The crux of done cover image

The crux of done

Sebastian Schürmann • February 3, 2016

There are always big discussions revolving around when some piece of work is “done”: Often the discussion goes as far as defining different states of done and there is even the notion of “done done”. This stands for “it is really done now”.

Some definitions of done revolve around the following ideas:

When Tests Pass: This is basically a fire and forget way of working that expects feedback at the and of a sprint. Then the piece of work is getting deployed and then you might have a good indicator if that works or not. When your app just has compiled and all tests are green: It has not yet been integrated with the system. Not done my friend.

When Integrated: You might be a active reader or just had the experience, that a a piece of software not only must pass its (unit) tests, but needs to be integrated with other systems and live data in order to prove that it works. So integrate it, like your jenkins would do. Download all the dependencies, setup the system, use live data. Profit? Not yet, still the thing is lying around in a repo and no one is using it (apart from a mr Jenkins)

When deployable build exists: If I had a nickel for every time I heard a discussion about “potential shippable”, sprints that end successfully without a deploy and all that yada yada. Simple truth: If you haven’t shipped, you are not done. Just that you integrated the system with a copy of all user data, on a 1 to 1 equal hardware setup, with automated acceptance and performance tests does not mean it will work on the live system. Admit it, there is not a 100% chance for this to work on live.

When deployed: So your sprint ends on a Friday and you just When measurably delivering value want to deploy, you deploy, all is fine. Just until something goes wrong. Especially deploys for multiple teams with different areas of expertise (mobile apps, backend, web) can get hairy. Its just that notion of “all at once, now” that makes it problematic. Deployed software always needs a little time to prove that it works. A green lit deploy is by no means a good indicator if your rollout was successful from the customer side. Customer does not care if the feature was rolled out, customer wants to use it!!! Big difference. ;) Not done when deployed.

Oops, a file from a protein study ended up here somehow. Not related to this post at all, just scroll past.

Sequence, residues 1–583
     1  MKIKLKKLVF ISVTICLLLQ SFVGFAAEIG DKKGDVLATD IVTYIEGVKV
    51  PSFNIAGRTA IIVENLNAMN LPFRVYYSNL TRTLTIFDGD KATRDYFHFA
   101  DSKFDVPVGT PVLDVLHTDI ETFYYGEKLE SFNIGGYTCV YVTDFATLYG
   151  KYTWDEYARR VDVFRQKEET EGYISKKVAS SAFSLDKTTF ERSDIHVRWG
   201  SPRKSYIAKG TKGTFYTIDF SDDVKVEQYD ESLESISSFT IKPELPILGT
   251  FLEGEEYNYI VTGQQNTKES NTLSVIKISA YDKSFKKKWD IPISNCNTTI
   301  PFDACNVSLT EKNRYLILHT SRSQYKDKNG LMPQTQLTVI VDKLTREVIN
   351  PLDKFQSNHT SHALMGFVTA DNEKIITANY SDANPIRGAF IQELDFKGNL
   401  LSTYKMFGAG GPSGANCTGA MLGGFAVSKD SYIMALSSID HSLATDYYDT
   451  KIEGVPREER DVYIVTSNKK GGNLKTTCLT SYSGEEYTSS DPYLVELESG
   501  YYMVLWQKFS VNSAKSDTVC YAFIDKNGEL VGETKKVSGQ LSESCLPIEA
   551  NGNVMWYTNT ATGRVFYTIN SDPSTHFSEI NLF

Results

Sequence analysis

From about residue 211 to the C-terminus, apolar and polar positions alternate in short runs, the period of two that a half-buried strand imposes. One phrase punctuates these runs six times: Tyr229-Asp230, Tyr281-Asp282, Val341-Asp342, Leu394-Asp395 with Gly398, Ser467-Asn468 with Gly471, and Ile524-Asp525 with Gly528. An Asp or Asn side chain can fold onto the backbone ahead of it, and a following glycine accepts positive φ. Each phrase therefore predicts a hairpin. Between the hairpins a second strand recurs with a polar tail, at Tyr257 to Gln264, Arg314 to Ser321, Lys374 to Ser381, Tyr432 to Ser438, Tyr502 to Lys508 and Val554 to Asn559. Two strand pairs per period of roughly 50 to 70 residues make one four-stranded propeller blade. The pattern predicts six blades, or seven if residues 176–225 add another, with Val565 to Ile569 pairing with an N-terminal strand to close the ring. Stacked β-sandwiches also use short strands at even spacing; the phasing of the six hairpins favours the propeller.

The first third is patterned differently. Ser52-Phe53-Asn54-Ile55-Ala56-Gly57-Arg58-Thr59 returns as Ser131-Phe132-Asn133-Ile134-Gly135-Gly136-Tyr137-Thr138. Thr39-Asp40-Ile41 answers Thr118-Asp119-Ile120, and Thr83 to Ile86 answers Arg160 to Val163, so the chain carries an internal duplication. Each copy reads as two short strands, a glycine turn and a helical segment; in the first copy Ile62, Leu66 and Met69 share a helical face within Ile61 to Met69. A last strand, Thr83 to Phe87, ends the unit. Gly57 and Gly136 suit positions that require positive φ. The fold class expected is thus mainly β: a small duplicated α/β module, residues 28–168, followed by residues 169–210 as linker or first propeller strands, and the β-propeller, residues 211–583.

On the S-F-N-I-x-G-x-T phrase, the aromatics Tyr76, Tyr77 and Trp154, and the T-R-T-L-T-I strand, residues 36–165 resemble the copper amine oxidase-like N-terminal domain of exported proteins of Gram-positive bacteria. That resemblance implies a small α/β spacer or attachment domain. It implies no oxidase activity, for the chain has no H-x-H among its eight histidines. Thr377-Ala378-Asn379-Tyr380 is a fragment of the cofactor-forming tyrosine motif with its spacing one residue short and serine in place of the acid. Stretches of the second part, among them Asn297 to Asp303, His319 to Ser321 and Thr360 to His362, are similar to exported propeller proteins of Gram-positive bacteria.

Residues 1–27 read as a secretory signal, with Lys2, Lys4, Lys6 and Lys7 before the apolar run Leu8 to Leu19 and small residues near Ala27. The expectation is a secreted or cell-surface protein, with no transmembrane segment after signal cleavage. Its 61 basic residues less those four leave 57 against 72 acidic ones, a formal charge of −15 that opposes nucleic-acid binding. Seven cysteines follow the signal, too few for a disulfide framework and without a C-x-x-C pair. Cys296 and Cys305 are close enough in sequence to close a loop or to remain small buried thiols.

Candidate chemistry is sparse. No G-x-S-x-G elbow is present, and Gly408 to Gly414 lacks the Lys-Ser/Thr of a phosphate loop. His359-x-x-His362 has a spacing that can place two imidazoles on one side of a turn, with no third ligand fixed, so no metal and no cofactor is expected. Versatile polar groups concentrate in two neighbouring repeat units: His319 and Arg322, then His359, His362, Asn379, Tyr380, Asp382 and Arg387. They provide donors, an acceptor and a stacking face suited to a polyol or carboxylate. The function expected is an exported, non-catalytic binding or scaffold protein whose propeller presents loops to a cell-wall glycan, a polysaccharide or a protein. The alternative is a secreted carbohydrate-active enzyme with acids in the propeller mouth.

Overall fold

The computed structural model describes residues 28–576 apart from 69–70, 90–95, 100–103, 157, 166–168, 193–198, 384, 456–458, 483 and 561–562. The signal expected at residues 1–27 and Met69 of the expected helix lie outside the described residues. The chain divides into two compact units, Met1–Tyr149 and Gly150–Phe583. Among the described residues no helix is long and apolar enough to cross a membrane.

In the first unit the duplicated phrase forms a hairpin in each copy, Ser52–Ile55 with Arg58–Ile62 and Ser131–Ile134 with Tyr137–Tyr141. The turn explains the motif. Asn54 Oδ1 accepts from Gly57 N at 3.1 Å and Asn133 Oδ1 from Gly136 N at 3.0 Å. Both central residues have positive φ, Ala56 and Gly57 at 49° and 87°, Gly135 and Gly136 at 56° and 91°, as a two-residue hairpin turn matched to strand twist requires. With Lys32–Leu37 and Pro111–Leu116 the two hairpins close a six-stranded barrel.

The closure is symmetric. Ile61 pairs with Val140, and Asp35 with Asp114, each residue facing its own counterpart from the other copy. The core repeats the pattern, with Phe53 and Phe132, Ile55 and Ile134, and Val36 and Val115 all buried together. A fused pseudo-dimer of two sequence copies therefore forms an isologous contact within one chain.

When measurably delivering value: It might be surprising, but this is the only thing I go by since I came by that definition for the first time. Its delivered and I have access to the tool that shows me the value in your business (e.g. Sales made) in any tracking tool (e.g. google analytics, salesforce, e-commerce backend) and I can see for myself. When the thing is deployed, I have observed it working and seen the tracking systems . I might have gone the extra mile to set up a piece of hardware or do a order on a online retail system for about 20.000 Euro (only to find out that the rollback did not rollback the expenses on my customer card account — free credits, not even part of the development I had done). After another change and deploy, the product manager got informed and we reviewed the change on the live systems and all was fine then.

Fail Forward

This is a thing to go by. Not every condition can be foreseen, not every plan can be made up. I do sport a extra round of automation tools and logging foo and I spend a extra amount of time on live systems. Just to be there and inform myself of the mishap that is going on. Isn’t it that always just the one test or test category was missing, just to find out 2 weeks later that another type of test would have avoided the problem. A failed (forward) deploy is just another fail, that leads to just another improvement of process and there are ways to make sure that this type of error will likely not happen again.

That is normal operating procedure already in one or the other form. It just removes the need for a discussion about when done is done. The answer is: Not as long as the software runs on a live system.

Its not that I am ignoring the learnings out of old DOD documents, but in the end, it boils down to one thing and other things got so internalized and do not need a entry on such a list (e.g. doing all the translation work before release, writing tests). The more I put on such a list, the more exemptions need to be done (e.g. no unit tests for UI features, just cucumber, no translations for CLI tools). There is a deep rabbit hole of arcane processes and deploy/build chains down this way.

This is why I can live with a “Definition of done” with only one rule:

When measurably delivering value